In victory for staff, charter acknowledges workers’ union rights – in three languages

Community School of Excellence is a charter school focused on Hmong language and culture in St. Paul's North End.

Community School of Excellence is a charter school focused on Hmong language and culture in St. Paul’s North End.

Staff at Community School of Excellence in St. Paul, still fighting for a first contract more than a year after organizing their union, have compelled Superintendent Mo Chang to acknowledge her administration infringed on workers’ legally protected rights on the job.

The admission comes in a notice to all employees, signed by Chang, affirming CSE employees’ legally protected rights to union representation and to engage in collective action for better wages and working conditions.

Posted Friday in English, Hmong and Karenni, the notice (view PDF) reiterates for staff members of all cultural backgrounds “that the federal government and the National Labor Relations Act are advocating for them,” CSE teacher Eric Johnson said.

CSE, located in St. Paul’s North End neighborhood, is a charter school focused on Hmong language and culture. About 100 teachers and other staff members voted in June 2014 to join the Federation of Charter School Employees, an affiliate of Education Minnesota.

“I don’t know many other situations where you’ve got notices like this to employees in these specific Southeast Asian languages,” Johnson added. “It’s a step forward in educating a variety of immigrant groups about how unionization can help them.”

CSE agreed to post the notice as part of a settlement agreement stemming from charges of unfair labor practices filed by CSE employees last winter. The Minneapolis regional office of the National Labor Relations Board approved the settlement last month.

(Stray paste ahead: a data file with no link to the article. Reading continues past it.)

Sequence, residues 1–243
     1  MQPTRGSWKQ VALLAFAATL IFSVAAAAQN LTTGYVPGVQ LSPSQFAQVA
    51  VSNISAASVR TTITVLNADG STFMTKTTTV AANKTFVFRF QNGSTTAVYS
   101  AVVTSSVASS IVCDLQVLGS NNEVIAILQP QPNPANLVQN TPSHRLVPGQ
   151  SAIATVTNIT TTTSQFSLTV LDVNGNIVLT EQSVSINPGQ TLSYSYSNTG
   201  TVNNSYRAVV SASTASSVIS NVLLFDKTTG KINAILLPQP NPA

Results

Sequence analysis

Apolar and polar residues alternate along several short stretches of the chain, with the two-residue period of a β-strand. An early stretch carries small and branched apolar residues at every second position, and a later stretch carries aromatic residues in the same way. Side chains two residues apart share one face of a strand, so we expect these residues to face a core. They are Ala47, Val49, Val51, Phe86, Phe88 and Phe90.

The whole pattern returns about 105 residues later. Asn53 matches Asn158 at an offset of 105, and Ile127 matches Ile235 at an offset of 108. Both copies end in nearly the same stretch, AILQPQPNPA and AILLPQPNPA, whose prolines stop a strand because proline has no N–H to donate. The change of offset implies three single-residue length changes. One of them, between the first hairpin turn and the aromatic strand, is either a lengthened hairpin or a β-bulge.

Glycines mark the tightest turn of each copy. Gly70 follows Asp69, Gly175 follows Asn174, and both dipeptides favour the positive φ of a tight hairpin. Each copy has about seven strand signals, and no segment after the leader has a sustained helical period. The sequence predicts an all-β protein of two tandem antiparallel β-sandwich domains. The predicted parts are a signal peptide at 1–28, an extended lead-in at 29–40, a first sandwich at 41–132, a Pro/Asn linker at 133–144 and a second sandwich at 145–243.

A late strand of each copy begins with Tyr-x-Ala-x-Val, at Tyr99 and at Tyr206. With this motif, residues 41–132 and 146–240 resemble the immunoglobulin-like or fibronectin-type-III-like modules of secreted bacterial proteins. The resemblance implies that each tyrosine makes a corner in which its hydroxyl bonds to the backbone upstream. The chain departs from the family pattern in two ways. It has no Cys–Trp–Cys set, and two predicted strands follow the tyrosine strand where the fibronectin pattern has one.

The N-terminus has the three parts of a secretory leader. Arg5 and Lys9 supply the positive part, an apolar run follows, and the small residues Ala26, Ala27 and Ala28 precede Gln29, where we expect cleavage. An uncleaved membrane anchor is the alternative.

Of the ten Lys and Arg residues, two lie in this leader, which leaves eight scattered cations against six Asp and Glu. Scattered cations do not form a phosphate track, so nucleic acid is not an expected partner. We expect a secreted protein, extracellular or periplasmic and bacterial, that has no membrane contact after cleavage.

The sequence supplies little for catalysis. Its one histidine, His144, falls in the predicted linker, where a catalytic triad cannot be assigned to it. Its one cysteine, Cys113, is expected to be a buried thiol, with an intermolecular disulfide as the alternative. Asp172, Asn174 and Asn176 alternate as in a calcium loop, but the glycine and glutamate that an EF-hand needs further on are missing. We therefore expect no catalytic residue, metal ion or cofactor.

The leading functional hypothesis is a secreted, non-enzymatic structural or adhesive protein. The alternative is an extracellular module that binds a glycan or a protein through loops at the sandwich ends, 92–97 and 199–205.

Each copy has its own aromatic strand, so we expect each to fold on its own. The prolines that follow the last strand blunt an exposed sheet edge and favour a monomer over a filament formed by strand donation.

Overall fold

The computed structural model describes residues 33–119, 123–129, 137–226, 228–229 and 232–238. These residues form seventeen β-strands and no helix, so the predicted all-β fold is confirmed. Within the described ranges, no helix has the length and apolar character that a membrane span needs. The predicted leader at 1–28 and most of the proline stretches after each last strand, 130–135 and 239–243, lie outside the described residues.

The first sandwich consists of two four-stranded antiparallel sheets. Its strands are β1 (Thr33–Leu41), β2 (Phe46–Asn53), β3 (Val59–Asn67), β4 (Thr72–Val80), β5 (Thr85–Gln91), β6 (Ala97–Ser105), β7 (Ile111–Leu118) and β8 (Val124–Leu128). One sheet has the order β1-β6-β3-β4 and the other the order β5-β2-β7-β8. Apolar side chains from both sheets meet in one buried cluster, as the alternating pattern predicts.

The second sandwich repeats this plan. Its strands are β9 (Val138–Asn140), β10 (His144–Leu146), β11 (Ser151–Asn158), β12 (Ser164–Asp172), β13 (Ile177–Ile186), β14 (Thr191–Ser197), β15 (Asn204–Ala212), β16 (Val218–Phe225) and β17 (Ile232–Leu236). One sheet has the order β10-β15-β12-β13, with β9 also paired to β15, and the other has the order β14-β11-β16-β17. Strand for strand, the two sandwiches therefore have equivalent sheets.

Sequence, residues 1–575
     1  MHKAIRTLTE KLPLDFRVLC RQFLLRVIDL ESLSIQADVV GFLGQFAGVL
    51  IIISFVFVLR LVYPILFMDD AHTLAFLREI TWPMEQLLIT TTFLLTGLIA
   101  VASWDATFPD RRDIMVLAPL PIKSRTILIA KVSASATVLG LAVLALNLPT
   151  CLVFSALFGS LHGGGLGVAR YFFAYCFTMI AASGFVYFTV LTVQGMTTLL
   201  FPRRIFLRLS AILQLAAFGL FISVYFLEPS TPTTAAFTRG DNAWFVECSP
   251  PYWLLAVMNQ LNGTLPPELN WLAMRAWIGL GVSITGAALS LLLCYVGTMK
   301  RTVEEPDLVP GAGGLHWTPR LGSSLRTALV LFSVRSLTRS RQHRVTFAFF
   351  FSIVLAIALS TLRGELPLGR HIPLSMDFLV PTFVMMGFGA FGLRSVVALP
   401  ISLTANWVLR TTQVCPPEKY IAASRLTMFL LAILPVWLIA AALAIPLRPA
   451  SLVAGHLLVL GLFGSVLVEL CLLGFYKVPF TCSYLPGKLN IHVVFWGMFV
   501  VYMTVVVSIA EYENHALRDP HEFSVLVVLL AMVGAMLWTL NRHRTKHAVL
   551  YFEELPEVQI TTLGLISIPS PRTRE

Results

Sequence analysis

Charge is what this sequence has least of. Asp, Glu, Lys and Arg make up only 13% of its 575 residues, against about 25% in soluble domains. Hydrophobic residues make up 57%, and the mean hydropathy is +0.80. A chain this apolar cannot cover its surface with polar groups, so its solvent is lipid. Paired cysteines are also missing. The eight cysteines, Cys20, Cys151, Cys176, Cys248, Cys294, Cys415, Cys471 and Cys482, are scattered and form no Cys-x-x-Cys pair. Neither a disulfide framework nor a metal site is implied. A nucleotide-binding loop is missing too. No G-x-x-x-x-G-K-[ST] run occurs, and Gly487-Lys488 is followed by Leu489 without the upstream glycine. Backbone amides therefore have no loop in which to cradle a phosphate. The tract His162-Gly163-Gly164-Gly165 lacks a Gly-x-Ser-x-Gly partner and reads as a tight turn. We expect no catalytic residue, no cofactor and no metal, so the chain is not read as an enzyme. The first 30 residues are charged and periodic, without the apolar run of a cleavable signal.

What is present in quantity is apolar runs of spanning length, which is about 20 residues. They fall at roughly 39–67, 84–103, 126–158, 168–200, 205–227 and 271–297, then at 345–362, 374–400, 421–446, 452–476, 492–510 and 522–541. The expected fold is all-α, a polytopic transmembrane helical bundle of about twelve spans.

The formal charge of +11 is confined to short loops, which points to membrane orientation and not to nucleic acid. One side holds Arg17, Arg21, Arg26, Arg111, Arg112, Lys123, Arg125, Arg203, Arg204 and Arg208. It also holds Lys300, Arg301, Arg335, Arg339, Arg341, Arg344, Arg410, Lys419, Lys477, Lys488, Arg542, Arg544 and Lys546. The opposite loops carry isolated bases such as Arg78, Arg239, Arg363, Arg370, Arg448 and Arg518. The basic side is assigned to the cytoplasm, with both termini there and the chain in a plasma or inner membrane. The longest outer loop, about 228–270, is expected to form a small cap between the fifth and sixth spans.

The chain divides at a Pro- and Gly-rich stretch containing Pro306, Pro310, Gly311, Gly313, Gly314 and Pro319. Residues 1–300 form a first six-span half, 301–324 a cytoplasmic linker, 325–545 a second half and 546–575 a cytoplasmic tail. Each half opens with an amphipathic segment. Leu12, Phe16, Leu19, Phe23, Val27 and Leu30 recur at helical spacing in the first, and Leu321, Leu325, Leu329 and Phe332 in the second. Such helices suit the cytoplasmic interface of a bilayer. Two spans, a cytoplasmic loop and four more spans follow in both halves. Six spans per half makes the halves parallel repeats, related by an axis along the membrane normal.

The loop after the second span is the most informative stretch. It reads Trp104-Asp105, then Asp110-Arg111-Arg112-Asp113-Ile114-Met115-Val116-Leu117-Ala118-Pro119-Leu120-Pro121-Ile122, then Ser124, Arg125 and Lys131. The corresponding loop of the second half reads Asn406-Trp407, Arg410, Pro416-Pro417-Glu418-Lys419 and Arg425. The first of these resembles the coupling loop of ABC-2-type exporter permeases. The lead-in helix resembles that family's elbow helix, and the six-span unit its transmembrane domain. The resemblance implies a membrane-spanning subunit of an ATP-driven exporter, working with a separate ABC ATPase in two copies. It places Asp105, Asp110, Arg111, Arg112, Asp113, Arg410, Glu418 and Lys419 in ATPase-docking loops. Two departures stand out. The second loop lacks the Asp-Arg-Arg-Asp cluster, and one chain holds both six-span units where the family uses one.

The notice references interactions between workers and management last school year, after employees voted to unionize, and it provides a glimpse into the backlash workers faced for publicly supporting the organizing drive. For example:

“We will not threaten employees that their comments are appalling because they exercise their right to discuss or protest working conditions with employees, or because they publicize labor disputes at meetings with third parties.”

As part of the settlement, CSE agreed to “engage in further training” on workers’ rights under federal law, provided by the Minneapolis branch of the NLRB. And the district rescinded disciplinary actions against four pro-union employees, including Johnson, who is now president of the Federation of Charter School Employees.

“Because a lot of the events coincided with unionization, including reprimands of union leadership, we felt these things were all just too coincidental and seemed to be retaliatory,” Johnson said. “But as a union these issues now have been resolved, and we look forward to negotiating a first contract with the school.”

The two sides have held six negotiating sessions, and they plan to meet regularly until reaching a tentative agreement, according to Johnson.

CSE is one of two unionized charter schools in St. Paul. Teachers at the Twin Cities German Immersion School, who voted for union representation in January 2014, approved a first contract earlier this school year.

When union members at CSE have a tentative agreement of their own to vote on, Johnson said, “we’ll continue to legitimize charter school unions in Minnesota.”

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